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Articles in press, most downloaded, most popular, graph-powered learning methods in the internet of things: a survey, a comparative performance analysis of intelligence-based algorithms for optimizing competitive facility location problems, a bi-objective hybrid vibration damping optimization model for synchronous flow shop scheduling problems, portfolio optimization based on neural networks sensitivities from assets dynamics respect common drivers, deep generative modelling of aircraft trajectories in terminal maneuvering areas, a hybrid attention mechanism for multi-target entity relation extraction using graph neural networks, behavioral recommendation engine driven by only non-identifiable user data, implementing associative memories by echo state network for the applications of natural language processing, more from machine learning with applications, announcements, charting the growth of machine learning’s hottest topic: graph neural networks, guidelines for submitting proposals for journal special issues, calls for papers, emerging integrated large language models and training paradigms, chatgpt and similar ai tools: their potential and challenges in today’s world, special issues and article collections, machine learning in finance, partner journals, expert systems with applications.

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For developers, how to write a good research paper in the machine learning area.

Research paper on Machine Learning.

A research paper on machine learning refers to the proper technical documentation that explains any fundamental theory, topic survey, or proof of concept using a mathematical model or practical implementation. It demands hours of study and effort to lay out all the information ideally that addresses the topic in a presentable manner.

The reviewers of the research paper utilize thumb rules, such as replicability of results, availability of code, and others, to analyze its worth. Additionally, the acceptance guidelines from all the prestigious journals and conferences like ICLR, ICML, NeurIPS, and others are quite strict. After so much skimming of the research paper, only a few lucky ones get selected and the rest are all discarded.

These few high-valued papers get published or applauded by the top researchers of the community and they get into practical applications.

Thus, it is important to know the ins and outs of how to write research paper in machine learning. In this article, we will help you with expert advice on how you can ace your research paper in machine learning.

Table of Contents

What makes an excellent research paper on machine learning?

An excellent machine learning paper is based on good research that is transparent and reproducible. It should be replicable in nature so that the study's findings can be tested by other researchers.

Such papers demand research with a completely new architecture, algorithm, or fundamentals. Include the goals of your research and categorize your paper in terms of some familiar class like a computational model of human learning, a formal analysis, application of any established methods, a description of any new learning algorithm, and others.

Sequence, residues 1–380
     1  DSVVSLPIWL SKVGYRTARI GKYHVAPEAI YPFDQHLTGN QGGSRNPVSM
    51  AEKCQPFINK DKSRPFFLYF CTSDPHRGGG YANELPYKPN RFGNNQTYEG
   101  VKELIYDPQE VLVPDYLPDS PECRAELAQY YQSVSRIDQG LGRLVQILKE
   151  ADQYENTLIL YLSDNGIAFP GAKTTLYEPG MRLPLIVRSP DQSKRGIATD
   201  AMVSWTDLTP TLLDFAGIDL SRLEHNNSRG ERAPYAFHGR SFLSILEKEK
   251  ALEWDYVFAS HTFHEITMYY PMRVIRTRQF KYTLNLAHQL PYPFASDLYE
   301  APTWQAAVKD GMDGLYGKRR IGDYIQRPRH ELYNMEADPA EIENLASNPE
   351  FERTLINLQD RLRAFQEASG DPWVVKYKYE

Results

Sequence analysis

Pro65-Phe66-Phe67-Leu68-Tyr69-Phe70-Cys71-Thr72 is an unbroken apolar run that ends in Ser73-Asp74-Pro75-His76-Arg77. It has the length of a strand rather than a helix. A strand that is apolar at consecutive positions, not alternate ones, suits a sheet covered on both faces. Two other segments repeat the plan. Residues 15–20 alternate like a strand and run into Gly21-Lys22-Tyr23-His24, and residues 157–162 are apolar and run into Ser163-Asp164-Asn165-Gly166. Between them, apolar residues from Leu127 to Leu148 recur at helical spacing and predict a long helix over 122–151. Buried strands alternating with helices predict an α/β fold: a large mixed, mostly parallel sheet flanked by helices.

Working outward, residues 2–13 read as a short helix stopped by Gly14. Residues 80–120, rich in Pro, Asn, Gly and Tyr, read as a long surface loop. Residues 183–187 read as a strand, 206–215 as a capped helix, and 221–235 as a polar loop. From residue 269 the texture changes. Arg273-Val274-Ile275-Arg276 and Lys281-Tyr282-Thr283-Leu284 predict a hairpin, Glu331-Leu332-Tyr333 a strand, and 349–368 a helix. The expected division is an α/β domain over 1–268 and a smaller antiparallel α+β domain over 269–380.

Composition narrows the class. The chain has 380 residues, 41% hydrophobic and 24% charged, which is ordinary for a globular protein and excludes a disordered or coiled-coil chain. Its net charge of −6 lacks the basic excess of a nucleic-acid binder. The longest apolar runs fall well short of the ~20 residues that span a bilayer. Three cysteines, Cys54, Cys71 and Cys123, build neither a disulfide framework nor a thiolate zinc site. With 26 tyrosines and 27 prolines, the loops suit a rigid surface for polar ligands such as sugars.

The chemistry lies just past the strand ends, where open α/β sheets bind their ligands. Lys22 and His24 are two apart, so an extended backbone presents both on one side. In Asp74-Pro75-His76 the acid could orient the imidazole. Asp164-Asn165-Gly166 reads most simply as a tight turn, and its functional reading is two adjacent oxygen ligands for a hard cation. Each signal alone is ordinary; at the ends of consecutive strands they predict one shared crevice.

Further, ensure that you bring together various evidence, views, and facts about the topic that you are targeting in machine learning. You can derive your information from different interviews, articles, and books to verify the facts included in your research paper.

The four major characteristics that the writer of a machine learning research paper should consider are its length, format, style, and sources.

Additionally, including an abstract to your research paper will bring your machine learning paper into a nutshell from its introduction to the conclusion.

What are the important parts of a research paper?

An excellent research paper is drafted in a formal structure that includes several sections maintaining the flow of the content. It is important to ensure that the readers can quickly find the information they are looking for in your research paper.

Here’s a complete list of everything a research paper should include.

These are some of the standard sections that is available is almost every research paper. However, there can be additional sections based on the topic you choose to write on, such as a dedicated space for the related research papers on machine learning to the author’s work.

Types of machine learning papers you can write

The initial step toward writing an excellent machine learning research paper is to select your targeted category. The below-given image will clear your thoughts on the same.

Types of research papers for machine learning.webp

1. Survey paper without implementation

This paper category includes an excessive survey for any machine learning domain. For example, if someone wants to write a research paper on healthcare and machine learning, there will be tons of research already being carried out. To summarize that work in a single paper by finding some interesting facts can be enough to start with survey paper writing.

The following are excellent websites to check for the latest research papers.